How to Get Out of the Payday Loan Cycle

A payday loan can be a quick and easy way to get extra money when you need it. However, if you can’t pay back your loan in full (plus interest/fees) by the time you get your next paycheck, you can find yourself in a bigger financial bind than you were before. 

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According to a study by the Pew Charitable Trusts (http://www.pewtrusts.org/en/research-and-analysis/reports/2013/02/19/how-borrowers-choose-and-repay-payday-loans), only 14% of those who take out a payday loan can repay it in full by their next payday. If you can’t pay your loan in full, your lender may allow you to simply pay the fees and roll your loan over for another 2 weeks. This is called “churning.” The average payday loan churns 8 times in 5 months. Not only are you paying extra fees each-and-every time you “churn” a loan, but you are also increasing the chances that you will need to take out additional payday loans elsewhere in-order-to keep up with the fees, as well as all other bills you had, to begin with. When this happens, you can quickly find yourself trapped in a very stressful and expensive cycle of debt. 

If you don’t pay back a payday loan, it may result in collection activities that could end in civil court. You may have to pay a bunch of court costs (as well as fees and interest), have your wages garnished, or even a lien put on your property. As hopeless as your situation may seem, however, there are things you can do to get out of the payday loan cycle. 

Consider these steps:

  1. You can’t get out of payday debt if you keep adding to it, so, whatever you do, do not take out another payday loan.
  2. The faster you pay off the debt, the less you’ll have to pay in fees. Find other ways to come up with extra money. Consider selling unused or unwanted items, take an extra job, and/or see if you can borrow any money you can from family or friends.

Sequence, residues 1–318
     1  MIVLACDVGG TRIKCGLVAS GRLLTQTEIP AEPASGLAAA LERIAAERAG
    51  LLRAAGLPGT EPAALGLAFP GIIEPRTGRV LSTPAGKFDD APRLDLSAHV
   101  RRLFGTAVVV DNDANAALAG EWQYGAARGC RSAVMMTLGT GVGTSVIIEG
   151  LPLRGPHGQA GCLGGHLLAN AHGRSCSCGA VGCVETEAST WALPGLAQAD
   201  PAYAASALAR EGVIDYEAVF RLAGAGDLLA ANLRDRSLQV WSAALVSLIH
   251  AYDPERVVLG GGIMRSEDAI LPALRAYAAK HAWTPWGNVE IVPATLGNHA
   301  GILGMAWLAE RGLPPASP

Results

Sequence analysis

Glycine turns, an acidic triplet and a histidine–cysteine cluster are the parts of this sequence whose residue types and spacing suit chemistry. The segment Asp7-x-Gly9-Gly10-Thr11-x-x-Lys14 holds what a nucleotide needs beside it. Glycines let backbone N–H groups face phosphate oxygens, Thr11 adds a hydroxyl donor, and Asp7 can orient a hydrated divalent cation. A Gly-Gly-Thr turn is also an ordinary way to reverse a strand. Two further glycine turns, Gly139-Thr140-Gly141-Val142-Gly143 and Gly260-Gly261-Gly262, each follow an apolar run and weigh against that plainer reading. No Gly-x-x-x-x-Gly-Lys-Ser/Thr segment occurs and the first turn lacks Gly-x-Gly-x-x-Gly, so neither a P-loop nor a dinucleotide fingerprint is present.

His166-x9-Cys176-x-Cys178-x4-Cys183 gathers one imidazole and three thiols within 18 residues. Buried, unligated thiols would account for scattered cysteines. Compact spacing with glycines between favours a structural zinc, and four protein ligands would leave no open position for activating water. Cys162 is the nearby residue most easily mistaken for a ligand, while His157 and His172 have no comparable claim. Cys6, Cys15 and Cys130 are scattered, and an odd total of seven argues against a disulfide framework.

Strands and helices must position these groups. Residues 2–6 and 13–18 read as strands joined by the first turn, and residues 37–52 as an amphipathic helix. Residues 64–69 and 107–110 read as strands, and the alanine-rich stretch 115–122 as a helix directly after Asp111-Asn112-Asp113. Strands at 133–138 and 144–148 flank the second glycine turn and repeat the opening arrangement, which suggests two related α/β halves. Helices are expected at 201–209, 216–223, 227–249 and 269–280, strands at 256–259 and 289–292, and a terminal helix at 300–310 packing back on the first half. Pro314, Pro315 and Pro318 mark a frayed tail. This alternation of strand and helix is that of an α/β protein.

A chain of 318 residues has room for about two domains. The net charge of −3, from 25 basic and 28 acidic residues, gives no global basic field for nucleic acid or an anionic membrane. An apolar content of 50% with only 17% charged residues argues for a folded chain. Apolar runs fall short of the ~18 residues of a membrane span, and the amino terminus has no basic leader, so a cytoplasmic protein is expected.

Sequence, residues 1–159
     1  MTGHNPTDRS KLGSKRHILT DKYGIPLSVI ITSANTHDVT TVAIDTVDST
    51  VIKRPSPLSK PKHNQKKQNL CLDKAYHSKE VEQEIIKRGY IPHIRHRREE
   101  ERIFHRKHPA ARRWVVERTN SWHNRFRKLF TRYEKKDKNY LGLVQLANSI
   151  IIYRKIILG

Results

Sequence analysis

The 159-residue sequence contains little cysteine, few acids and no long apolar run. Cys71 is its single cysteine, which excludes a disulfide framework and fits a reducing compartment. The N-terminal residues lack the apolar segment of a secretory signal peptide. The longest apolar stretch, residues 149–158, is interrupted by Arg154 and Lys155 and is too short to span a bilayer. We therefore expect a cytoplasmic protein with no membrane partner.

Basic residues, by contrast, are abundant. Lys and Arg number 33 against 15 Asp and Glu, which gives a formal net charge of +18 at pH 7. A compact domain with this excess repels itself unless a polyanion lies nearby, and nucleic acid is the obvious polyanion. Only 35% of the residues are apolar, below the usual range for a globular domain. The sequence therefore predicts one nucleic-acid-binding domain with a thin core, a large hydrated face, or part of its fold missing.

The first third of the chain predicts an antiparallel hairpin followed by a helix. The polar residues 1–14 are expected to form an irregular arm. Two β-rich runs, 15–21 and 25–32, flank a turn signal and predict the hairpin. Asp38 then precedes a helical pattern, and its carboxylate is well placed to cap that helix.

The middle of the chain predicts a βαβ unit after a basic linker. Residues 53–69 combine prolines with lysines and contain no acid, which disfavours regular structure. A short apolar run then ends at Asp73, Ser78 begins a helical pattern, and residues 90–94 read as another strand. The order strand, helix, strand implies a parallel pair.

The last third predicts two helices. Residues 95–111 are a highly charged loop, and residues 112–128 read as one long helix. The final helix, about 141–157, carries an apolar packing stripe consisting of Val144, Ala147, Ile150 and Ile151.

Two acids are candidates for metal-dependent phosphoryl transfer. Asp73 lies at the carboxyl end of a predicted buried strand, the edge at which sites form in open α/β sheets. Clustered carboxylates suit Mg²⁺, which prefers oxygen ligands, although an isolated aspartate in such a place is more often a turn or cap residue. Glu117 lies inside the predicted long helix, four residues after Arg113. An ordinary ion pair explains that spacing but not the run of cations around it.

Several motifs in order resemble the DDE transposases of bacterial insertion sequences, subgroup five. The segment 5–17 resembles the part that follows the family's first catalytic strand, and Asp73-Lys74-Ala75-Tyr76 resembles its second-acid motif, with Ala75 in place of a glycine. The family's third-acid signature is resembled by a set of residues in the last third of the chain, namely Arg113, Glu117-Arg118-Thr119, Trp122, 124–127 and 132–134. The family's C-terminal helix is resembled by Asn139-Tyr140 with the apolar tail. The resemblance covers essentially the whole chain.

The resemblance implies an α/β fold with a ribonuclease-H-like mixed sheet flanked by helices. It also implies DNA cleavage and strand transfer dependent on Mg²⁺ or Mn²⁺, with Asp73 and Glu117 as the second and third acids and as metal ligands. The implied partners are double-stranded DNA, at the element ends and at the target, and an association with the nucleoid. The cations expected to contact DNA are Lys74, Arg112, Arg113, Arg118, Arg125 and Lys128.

3. Ask about an Extended Payment Plan. If a payday loan lender is a member of the Consumer Financial Services Association of America, you may be able to enter-into-an Extended Payment Plan (EPP). This plan will give you extra time to pay your loan — usually over your next 4 pay periods — without being subject to any additional interest/fees. As-long-as you pay per the agreement, you won’t be turned over to collections. (Note: To qualify for an EPP, you must apply for one on the last business day before the loan is due, feel free to visit (http://www.ncsl.org/research/financial-services-and-commerce/payday-lending-state-statutes.aspx) to see if EPP’s are mandated according to your state’s laws.)
  4. Consult a credit counseling service in your area. If you can’t obtain an EPP for one (or more) of your payday loans, a credit counseling service might be able to help you to restructure some of your payday loan debt. To find a reputable credit counseling service in your area, please visit https://www.justice.gov/ust/credit-counseling-debtor-education-information

Getting out of the payday loan cycle can be difficult sometimes, but it’s doable. Once you’ve gotten out, start building an emergency fund so that you can avoid falling into a similar trap in the future. 

*The information provided is for informational purposes only. It should not be considered legal or financial advice. You should consult with an attorney or other professional to determine what may be best for your individual needs. Big Picture Loans disclaims any and all liability in the event any information, commentary, analysis, opinion, advice and/or recommendation proves to be inaccurate, incomplete, unreliable or results in any other losses. Your use of the information on the website or materials linked from the Web is at your own risk. 

Topics: Finance